By Michael Hurley, CBS Boston

NOTE: This is the first installment in a series dedicated to the “forgotten” playoff games from the Patriots’ 20-year run as kings of the NFL.

The Game: 2003 Divisional Round vs. Tennessee Titans
Location: Gillette Stadium, Foxboro, Mass.

It was cold. So cold. Unbelievably, unbearably cold.

Even for born-and-bred New Englanders, this night was a special level of cold. It was the type of cold where if you spent more than 30 seconds outdoors, your knees began to stiffen, your nose hairs froze, and your body went into panic mode until you found someplace warm.

That was, except for the 68,000 fans who spent the night watching the Patriots host the Titans and NFL co-MVP Steve McNair in the first ever playoff game at Gillette Stadium.

Those fans were rewarded with an absolute thriller of a football game.

The Background

Patriots fans tailgate before a 2003 playoff game against theh Titans.(Photo by Al Bello/Getty Images)

The Patriots won the Super Bowl in 2003. Everybody knows that. But the path to that Super Bowl was anything but easy.

First up was a visit from the Tennessee Titans, who went 12-4 and beat the Ravens in Baltimore on wild-card weekend, thanks to a last-minute field goal by Gary Anderson.

Led by Steve McNair, Eddie George and Derrick Mason, the Titans had the fifth-best scoring offense in the NFL in 2003.

The Patriots, meanwhile, had just completed a 14-2 regular season, which was their greatest regular season in franchise history. (They’ve matched that mark three times since then, and they beat it in 2007.) In perfect Patriots fashion, nobody on that 14-2 team had particularly great numbers, while the defense allowed the fewest points in the NFL.

The playoff game was a rematch of a Week 5 meeting in Foxboro between the two teams, a game which the Patriots won 38-30, sealed by a 65-yard pick-six by Ty Law.

It was a big night in Foxboro. This guy was there:

Donald Trump on the sidelines before the start of the Patriots-Titans playoff game in January 2004. (Photo by Al Bello/Getty Images)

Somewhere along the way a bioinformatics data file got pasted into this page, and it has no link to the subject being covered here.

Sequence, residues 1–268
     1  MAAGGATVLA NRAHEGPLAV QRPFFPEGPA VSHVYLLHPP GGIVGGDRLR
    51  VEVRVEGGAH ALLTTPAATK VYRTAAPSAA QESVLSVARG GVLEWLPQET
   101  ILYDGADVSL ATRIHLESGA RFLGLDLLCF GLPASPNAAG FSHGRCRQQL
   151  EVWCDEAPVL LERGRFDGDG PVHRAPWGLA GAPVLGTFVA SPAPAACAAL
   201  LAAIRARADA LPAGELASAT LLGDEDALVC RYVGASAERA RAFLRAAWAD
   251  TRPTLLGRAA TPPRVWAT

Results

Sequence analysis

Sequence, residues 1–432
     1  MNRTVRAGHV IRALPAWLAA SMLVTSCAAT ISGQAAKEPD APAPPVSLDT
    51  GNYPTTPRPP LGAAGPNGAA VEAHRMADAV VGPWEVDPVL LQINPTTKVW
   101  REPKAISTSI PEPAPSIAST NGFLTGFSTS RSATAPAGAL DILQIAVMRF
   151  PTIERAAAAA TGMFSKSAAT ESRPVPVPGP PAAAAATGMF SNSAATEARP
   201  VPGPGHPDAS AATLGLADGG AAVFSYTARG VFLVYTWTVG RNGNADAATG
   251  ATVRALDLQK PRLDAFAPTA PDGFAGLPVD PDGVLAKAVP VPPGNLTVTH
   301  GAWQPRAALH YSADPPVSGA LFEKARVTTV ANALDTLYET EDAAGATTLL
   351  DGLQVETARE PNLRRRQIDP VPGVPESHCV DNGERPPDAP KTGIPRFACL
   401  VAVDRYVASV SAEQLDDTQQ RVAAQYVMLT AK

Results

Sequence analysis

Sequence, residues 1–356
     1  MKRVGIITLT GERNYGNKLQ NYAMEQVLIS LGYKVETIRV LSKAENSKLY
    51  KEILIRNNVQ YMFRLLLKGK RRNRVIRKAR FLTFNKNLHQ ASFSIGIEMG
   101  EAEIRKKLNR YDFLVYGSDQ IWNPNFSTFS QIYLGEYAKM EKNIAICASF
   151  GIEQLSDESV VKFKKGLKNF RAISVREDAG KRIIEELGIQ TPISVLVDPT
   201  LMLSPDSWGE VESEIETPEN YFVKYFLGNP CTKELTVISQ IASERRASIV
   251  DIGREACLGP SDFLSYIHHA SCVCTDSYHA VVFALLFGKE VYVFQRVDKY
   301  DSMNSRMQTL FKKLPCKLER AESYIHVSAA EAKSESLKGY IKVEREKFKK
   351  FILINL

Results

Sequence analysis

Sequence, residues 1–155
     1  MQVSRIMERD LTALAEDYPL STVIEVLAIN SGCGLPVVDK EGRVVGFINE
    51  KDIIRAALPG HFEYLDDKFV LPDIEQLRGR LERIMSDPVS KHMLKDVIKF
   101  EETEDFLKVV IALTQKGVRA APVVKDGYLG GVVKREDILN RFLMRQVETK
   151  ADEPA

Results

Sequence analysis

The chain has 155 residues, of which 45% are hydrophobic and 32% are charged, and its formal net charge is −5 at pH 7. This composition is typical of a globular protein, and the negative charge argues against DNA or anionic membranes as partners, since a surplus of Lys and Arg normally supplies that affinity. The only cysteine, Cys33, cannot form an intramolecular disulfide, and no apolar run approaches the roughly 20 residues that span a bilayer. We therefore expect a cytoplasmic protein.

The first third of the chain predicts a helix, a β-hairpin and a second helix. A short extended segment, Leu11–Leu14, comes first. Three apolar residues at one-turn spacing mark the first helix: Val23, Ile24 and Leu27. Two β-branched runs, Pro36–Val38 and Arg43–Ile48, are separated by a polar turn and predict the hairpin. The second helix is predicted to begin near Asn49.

Donald Trump on the sidelines before the start of the Patriots-Titans playoff game in January 2004. (Photo by Al Bello/Getty Images)

And just to reiterate: It was cold. It was 4 degrees at kickoff, with wind chills making it feel like minus-10.

Patriots fans hold a sign at the frigid playoff game between the Patriots and Titans. (Photo by Al Bello/Getty Images)

It was so cold.

The Highlights

The game got off to a perfect start for the Patriots. The crazy home crowd might have contributed to a false start before Tennessee’s first snap, and the Patriots’ defense forced a three-and-out.

Tom Brady and Co. then marched 69 yards on just six plays, thanks to a 41-yard connection with Bethel Johnson for the game’s first touchdown.

On the Titans’ next possession, though, a Richard Seymour roughing the passer penalty helped set up a Titans touchdown to tie the game at 7-7.

Later in the first quarter, Adam Vinatieri missed a 44-yard field goal, but McNair threw a pick to Rodney Harrison (in smothering man coverage against tight end Shad Meier) on the very next snap. The Patriots capitalized with an 11-play, 57-yard touchdown drive capped off by an Antowain Smith plunge from the 1-yard line.

The highlight of that drive? It was authored by Bethel Johnson, who pulled off an utterly ridiculous reversal of the field (and picked up a key block from Brady) to gain 14 yards on a third-and-13.

Bethel Johnson, ladies and gentlemen. No doubt a star wide receiver in the making. (Those were his only two receptions of the night. He’d end up catching precisely two more playoff passes for the rest of his career.)

The Titans tried to cut into that 14-7 lead late in the first half, but Richard Seymour blocked a field goal, because Richard Seymour was a monster.

The Titans did tie the game late in the third quarter on an 11-yard catch-and-run by Mason. Daniel Graham fumbled on the ensuing Patriots possession, and the game was quite tense when it entered the fourth quarter with a 14-14 score.

The Ending